Picture Post Anniversary Series 5: Bert Hardy
Hulton Archive celebrates the 75th anniversary of Picture Post magazine in October 2013, and in this monthly series we’re taking a look at some of the key players who helped create the magazine’s lasting reputation as a leader of 20th Century photojournalism.
The 19th of May, 2013, was the centenary of the birth of one of Britain’s finest and possibly best loved photojournalists – Bert Hardy. Unpretentious and good humoured Hardy was self-taught, with an eye for a good story and a pretty girl, and nobody’s fool. More than anything he possessed a brilliant, innate ability for light and composition, honed through solid craft and sheer hard work.
Hardy left school at 14 to a job delivering prints for a local chemist but soon realised being behind the camera was a more lucrative place to be. Unusually for the time, Hardy worked with modern small-format Leica — the faster shutter speeds facilitated early morning shots on his beloved cycling club outings and he was soon regularly appearing in Bicycle Weekly. Less unusual was that the agency he worked for took all the credit and most of the fees.
Hardy left and, after a brief spell running his own agency, was offered a staff position at Picture Post in 1941. Even so, Picture Post was also reluctant to credit its photographers, in part because several were émigrés from Nazi Germany.
Nevertheless within the year Hardy became the first photographer ever to carry a by-line in the magazine for his extraordinary coverage of fire fighters in the Blitz. However it was not until he returned from war service with the Army Film and Photographic Unit in 1947 that his career with Picture Post really began.
Hardy’s own upbringing in dire East End poverty gave him a natural empathy for his subjects. His intimate coverage of the slums of Glasgow — going into family homes — contrasted sharply with Bill Brandt’s cool, distanced treatment, and resulted in the image that perhaps defines Hardy’s work – the Gorbals Boys. Classic stories on British life began piling up – Elephant and Castle, Tiger Bay, Liverpool, Birmingham and Tyneside.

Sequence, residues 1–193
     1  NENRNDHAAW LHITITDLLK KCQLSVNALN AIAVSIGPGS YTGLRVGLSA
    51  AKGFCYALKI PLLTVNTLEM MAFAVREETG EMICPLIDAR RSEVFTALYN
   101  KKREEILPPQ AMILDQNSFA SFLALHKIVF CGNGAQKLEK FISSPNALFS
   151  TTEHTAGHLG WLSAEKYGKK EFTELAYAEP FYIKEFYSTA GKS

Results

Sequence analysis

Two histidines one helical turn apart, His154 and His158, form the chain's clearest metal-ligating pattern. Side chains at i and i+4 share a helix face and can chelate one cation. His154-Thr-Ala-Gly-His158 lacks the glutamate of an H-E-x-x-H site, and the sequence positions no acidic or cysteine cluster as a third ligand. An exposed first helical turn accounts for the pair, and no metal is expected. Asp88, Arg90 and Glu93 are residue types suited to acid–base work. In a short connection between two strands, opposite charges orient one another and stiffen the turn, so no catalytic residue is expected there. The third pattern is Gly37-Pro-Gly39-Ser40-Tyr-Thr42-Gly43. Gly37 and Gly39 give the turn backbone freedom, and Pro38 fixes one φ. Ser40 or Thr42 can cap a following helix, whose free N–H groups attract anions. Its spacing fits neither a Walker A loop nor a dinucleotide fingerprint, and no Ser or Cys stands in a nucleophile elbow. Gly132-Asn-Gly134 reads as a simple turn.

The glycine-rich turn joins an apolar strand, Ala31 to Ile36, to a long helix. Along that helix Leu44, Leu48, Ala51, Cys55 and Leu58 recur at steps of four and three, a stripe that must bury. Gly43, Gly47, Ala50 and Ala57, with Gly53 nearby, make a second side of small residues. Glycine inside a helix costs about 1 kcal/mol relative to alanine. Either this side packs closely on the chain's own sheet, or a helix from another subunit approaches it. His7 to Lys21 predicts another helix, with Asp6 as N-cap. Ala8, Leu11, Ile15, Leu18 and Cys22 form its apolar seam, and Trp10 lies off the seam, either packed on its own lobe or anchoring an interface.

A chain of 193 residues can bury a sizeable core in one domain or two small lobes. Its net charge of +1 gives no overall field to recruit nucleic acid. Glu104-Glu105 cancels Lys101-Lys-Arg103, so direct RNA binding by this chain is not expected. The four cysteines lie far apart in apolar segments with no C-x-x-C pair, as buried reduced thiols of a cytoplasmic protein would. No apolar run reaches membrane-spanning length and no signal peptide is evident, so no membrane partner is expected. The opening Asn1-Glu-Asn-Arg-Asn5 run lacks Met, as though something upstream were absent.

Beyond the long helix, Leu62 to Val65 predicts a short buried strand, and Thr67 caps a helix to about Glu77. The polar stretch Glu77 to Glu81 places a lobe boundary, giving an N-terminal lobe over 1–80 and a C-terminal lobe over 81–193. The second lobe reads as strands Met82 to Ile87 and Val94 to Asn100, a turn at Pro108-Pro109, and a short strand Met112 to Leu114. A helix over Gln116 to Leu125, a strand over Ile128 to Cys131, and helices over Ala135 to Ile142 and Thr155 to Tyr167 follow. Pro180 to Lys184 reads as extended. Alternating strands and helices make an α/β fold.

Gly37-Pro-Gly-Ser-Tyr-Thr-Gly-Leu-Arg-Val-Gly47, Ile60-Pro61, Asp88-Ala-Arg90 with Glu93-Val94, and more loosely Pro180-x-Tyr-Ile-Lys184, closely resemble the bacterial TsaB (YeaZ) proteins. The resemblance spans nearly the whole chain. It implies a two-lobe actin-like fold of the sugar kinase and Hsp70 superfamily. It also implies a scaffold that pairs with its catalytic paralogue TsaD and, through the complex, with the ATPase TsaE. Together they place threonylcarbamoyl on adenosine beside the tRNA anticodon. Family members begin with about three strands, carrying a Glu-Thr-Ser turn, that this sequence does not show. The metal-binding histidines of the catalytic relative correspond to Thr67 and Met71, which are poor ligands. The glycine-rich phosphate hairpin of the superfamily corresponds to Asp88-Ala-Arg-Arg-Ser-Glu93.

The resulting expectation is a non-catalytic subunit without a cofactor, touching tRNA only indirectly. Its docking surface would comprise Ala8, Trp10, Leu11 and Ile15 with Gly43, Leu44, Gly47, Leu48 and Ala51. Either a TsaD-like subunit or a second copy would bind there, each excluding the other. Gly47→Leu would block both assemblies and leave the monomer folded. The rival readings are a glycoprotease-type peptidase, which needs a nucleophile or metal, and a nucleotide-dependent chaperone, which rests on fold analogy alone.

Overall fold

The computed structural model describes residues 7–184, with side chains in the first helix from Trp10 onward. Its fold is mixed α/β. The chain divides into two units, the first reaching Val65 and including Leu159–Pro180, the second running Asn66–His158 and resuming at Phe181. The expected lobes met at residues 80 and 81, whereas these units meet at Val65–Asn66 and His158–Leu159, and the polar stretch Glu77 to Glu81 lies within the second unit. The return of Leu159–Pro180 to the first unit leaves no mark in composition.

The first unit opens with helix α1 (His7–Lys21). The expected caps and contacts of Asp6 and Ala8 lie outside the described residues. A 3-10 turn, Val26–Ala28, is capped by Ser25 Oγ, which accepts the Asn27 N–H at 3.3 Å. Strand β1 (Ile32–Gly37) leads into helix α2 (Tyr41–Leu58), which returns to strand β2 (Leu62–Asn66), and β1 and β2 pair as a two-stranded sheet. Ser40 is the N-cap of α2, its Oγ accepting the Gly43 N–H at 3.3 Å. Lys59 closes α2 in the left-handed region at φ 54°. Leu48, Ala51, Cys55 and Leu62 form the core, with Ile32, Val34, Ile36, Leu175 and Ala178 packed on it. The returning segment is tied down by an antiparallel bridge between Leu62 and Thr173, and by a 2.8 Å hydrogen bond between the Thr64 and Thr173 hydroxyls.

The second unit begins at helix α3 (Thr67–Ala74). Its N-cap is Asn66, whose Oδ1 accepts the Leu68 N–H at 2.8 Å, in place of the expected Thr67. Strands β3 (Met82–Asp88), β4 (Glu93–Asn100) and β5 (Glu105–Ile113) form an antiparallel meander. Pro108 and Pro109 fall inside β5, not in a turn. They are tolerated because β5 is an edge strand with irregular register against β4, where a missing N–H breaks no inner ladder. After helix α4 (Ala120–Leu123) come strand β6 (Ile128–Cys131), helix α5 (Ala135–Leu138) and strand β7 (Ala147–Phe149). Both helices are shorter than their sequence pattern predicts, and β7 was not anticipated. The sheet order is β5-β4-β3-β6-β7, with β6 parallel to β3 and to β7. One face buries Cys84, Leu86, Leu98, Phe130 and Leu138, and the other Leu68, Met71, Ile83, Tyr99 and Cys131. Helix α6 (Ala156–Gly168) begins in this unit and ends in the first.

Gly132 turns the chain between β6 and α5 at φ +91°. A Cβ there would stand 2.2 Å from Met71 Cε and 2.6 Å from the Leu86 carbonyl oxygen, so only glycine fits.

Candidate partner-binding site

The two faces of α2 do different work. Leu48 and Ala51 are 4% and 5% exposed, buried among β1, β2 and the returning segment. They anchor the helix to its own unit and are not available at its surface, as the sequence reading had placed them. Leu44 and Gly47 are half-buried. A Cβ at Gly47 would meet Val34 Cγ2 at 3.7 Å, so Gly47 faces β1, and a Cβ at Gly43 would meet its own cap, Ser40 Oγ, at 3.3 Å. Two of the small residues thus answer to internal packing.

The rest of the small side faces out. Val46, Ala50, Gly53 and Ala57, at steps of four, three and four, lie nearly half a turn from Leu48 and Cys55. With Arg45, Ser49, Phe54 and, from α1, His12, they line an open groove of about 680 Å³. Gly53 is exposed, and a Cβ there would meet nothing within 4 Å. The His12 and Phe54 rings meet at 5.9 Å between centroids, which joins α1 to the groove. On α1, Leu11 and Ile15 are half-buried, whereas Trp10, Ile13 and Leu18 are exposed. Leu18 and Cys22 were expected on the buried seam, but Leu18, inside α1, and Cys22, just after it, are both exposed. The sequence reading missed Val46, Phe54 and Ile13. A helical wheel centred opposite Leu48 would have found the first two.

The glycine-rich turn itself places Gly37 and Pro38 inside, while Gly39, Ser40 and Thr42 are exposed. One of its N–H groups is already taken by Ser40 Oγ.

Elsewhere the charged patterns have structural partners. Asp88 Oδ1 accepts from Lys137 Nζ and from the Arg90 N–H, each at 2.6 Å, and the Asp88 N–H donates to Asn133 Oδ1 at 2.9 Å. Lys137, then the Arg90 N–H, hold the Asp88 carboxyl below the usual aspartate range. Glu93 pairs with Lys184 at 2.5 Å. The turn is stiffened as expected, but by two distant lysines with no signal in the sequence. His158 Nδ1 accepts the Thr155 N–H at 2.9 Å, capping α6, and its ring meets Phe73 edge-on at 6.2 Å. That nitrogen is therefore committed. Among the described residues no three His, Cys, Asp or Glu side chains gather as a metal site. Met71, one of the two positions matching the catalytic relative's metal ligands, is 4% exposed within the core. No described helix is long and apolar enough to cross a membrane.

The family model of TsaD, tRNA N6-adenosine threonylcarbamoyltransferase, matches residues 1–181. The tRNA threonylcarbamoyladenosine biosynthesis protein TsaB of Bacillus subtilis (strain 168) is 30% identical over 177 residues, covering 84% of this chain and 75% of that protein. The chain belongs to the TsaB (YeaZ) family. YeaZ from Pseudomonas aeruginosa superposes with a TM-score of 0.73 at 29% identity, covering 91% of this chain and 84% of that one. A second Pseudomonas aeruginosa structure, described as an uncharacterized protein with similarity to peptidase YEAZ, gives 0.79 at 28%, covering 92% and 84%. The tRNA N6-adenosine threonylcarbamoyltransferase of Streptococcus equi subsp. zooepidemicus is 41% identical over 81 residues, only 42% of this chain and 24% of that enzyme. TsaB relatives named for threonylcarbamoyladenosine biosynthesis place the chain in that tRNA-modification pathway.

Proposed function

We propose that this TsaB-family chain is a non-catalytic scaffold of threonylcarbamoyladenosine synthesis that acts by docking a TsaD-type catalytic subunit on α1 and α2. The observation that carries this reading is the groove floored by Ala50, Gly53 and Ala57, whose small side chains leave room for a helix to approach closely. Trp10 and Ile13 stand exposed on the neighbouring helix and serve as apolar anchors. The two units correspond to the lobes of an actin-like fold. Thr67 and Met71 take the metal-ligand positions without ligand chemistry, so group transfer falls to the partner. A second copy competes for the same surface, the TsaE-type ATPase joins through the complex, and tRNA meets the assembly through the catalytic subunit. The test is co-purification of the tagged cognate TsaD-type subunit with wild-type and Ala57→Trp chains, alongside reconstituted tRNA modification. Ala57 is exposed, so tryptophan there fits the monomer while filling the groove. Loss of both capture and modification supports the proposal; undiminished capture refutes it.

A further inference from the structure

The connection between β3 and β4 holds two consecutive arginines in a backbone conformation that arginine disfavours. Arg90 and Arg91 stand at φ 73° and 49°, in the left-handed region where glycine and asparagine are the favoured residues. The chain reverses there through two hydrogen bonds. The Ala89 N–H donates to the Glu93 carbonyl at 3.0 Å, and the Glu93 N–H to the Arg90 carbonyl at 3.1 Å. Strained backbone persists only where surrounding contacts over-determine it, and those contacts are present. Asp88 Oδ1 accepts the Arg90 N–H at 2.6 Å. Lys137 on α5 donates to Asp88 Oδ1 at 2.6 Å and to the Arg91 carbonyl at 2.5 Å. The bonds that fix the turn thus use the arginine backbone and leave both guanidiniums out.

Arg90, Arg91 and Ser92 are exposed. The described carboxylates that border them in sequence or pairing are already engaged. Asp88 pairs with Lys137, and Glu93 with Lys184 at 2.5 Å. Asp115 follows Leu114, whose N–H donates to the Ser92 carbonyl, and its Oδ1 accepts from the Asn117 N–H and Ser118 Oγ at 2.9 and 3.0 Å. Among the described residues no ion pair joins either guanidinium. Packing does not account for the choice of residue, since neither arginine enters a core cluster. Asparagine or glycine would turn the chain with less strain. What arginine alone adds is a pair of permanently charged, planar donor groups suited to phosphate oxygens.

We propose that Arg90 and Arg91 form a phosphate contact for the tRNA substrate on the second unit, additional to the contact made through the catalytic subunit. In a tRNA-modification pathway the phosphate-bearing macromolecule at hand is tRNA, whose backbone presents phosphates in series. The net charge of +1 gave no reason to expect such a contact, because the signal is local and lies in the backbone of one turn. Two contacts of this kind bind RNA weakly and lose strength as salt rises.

Hardy excelled at social documentary, but also covered numerous overseas assignments including turmoil in Burma, Greece, Spain and Yemen. During the Korean War, fearing losing the available light, he almost singlehandedly led the US landings on Inchon – only to be told later they’d attacked the wrong beachhead. Less dangerous but more controversial was his coverage, with journalist James Cameron, of human rights abuses by South Korea. The story famously led to the sacking of Editor Tom Hopkinson and is often cited as the beginning of the end of Picture Post. Incredibly hardworking and prolific Hardy shot almost 900 photo-essays, causing a fellow staffer to remark, “It sometimes felt as though Bert Hardy was Picture Post.”
Although retained by Hulton Press after the magazine folded in 1957, Hardy was already eyeing up the posed, glossy world of advertising photography. His dynamic reportage style using real ‘models’ pooled from friends and family, was a shot in the arm to the industry. He won an advertising award for his photography for the cigarette campaign ‘You’re Never Alone with a Strand’ despite the campaign itself famously bombing with the public.
Hardy retired to a duel life of farming and lecturing on photography, with his second wife and Picture Post sweetheart Sheila, a constant support and champion. Hardy’s images appeared in Edward Steichen’s ground-breaking Family of Man exhibition, 1955, and he was awarded the Encyclopaedia Britannica Award (then the UK’s leading photography award) four times. He died in 1995 and is honoured with a memorial plaque in St Brides, the ‘journalist’s church’ in London’s Fleet Street. In 2008 a Blue Plaque was erected by popular vote at his childhood home Priory Buildings in Southwark.
Editor’s note: Sarah McDonald is a Curator of Editorial Imagery for Getty Images, based at the Hulton Archive. Next month she’ll focus on Picture Post photographer John Chillingworth